When I was a seminary student, we had the privilege of having Dr. Margaret Helder as a guest speaker. Having grown up in Edmonton, Dr. Helder was not a stranger to me. She had occasionally been a guest speaker at our Christian school in Alberta. However, on this particular occasion at the Canadian Reformed Seminary in Hamilton, I heard her say something that I couldn’t recall having heard before. I don’t remember if it was part of her original presentation or in reply to a question, but she pointed out that the so-called Big Bang and Genesis are incompatible. I don’t remember the exact reasons she gave as to why that was, but it sounded quite reasonable to me at the time and, since then, I’ve kept it in the back of my mind.
I thought about this again recently as I encountered a book which suggested that the Big Bang and Genesis are compatible. Gregory Koukl’s new book The Story of Reality is generally a recommended overview of the Christian worldview (a review will be appearing shortly on my blog Yinkahdinay). In chapter 7, Koukl is answering two objections to the Christian view of God as Creator. The second has to do with miracles. After all, creation is a miracle. He notes that all scientists “pretty much agree that the universe had a beginning.” That beginning was the Big Bang where “all things exploded into existence in a fraction of an instant.” Then he says this (page 51):
I know the Big Bang idea is controversial with some Christians, but I think that’s because they haven’t realized how well it fits the Story [the Christian worldview laid out in the Bible], which basically says the same thing.
So according to Koukl, the Big Bang fits with Genesis 1:1, “In the beginning, God created the heavens and the earth.” Reading this gave me occasion to look a little more into this and refresh my memory as to why Dr. Helder had told a group of seminary students and professors otherwise.
I found this article on creation.com to be especially helpful: The Big Bang is not a Reason to Believe. If you don’t have the time or inclination to read the whole article, this chart about sums it up — each flash on this chart represents a conflict between the chronology of Genesis 1-2 and Big Bang cosmology:
Does the Big Bang really fit the story that well? Perhaps if you define “Big Bang” in some way that doesn’t reflect how it’s really being used in astrophysics. Maybe that’s what Koukl has done. Or perhaps if you insist that Genesis 1-2 don’t give us a chronologically accurate, historic account of the origins of the universe. Of course, that second option could find you up against Jesus Christ, who clearly taught that Adam and Eve were created at the beginning (Matthew 19:4). No, I still think that Dr. Helder was right. There’s no reconciling the Big Bang and God’s Word.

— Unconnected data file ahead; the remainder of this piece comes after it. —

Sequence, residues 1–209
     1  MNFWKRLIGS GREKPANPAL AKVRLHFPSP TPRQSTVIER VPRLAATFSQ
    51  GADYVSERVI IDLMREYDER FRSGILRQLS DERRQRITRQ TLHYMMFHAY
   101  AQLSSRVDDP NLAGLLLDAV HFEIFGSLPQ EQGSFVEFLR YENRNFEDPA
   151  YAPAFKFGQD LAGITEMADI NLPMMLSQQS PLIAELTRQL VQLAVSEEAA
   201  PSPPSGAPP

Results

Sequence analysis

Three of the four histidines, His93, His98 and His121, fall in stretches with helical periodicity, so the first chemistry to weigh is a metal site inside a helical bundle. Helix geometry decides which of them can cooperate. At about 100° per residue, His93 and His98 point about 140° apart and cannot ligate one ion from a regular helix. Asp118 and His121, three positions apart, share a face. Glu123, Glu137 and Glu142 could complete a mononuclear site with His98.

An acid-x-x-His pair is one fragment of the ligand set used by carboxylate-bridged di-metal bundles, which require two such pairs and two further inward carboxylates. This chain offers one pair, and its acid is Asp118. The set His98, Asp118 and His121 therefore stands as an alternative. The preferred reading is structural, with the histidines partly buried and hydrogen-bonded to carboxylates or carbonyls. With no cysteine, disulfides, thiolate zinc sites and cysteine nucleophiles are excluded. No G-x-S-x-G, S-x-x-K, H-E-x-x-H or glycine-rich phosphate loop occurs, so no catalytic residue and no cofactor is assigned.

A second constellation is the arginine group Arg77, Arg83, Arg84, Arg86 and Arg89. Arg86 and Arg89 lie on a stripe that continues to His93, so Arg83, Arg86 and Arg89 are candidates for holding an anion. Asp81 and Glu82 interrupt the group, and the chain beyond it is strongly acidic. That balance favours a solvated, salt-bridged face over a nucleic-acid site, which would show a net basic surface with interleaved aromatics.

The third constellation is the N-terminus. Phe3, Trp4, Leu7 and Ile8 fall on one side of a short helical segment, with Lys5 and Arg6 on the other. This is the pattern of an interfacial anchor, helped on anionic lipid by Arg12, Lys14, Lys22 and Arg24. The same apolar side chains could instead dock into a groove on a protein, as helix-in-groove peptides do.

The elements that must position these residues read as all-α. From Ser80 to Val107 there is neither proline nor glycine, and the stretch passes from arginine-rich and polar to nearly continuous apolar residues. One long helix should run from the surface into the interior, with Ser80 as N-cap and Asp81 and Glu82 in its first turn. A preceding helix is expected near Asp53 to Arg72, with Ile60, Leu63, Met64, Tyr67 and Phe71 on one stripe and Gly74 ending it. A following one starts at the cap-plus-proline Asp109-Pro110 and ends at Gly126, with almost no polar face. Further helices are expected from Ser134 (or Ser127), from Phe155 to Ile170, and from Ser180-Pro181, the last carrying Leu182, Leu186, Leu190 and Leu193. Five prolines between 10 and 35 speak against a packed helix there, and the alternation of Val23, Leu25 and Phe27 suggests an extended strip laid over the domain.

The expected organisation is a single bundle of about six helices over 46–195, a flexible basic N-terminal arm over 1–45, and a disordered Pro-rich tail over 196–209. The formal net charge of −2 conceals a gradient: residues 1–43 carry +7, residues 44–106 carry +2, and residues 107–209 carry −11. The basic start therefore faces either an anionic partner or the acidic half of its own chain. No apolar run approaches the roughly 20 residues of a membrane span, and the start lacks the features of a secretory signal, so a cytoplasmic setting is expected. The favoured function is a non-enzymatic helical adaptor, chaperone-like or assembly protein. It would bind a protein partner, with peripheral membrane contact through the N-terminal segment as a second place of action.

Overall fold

Evolution requires time and lots of it. One of the keystones of evolutionary theory is that the earth has a history dating back many millions of years. This presents a problem for Christians who find evolutionary theory persuasive, who accept it, or are inclined to accept it. The problem is that, on a surface reading, Genesis does not seem to speak of a history of millions of years. One of the efforts to resolve this has been to posit a lengthy gap between Genesis 1:1 and 1:2. But how sound are the exegetical arguments for such a move? In a two-part series originally published in Clarion in 1988/89, Dr. Cornelis Van Dam weighs the arguments and finds them wanting. Today we’re pleased to share the first part. Here Dr. Van Dam addresses two of the arguments in support of the gap theory: 1) That there is a distinction between the Hebrew words for “create” and “make,” 2) That the first word in Hebrew in Genesis 1:2 includes the element of sequential action. You can find this article here — it’s also available in our Articles section.
Today we’re posting the first of several popular articles by Dr. Cornelis Van Dam. Some years ago he published these in the Clarion. By including articles such as this one, we aim to make our website a gathering place of useful resources, particularly from the Canadian Reformed Churches (of which we all are members). We intend to re-host or write both popular-level articles such as this one and those that involve more technical exegetical, theological, and philosophical arguments.
Van Dam’s article opens,
God’s Word starts off with those impressive words in Genesis chapter one. “In the beginning God created the heavens and the earth.” What a powerful and deep opening word of divine revelation! There’s nothing else like this in the so-called creation stories of man’s imagination. This is revelation! For that reason this opening verse continues to speak so directly to man today.
Besides examining briefly all the words of Genesis 1:1, Dr. Van Dam notices the implications of this verse as a refutation of atheism, polytheism, materialism, and pantheism. He also briefly notes that the context of the verse “makes it clear that this work of the creation of heaven and earth did not consist of making something out of what already existed, but it brought into being what did not exist.”
Read the rest of the article here: The first verse
 Dr. Van Dam’s article “The first verse” first appeared in Clarion: The Canadian Reformed Magazine 37.24 (Nov. 25, 1988), pp. 485–6. Dr. Van Dam quotes Scripture from the Revised Standard Version. We are hosting it here at creationwithoutcompromise.com with permission from the author and publisher. His own first footnote stated the following: “This article is the first in a series selected from lectures delivered on a popular level.”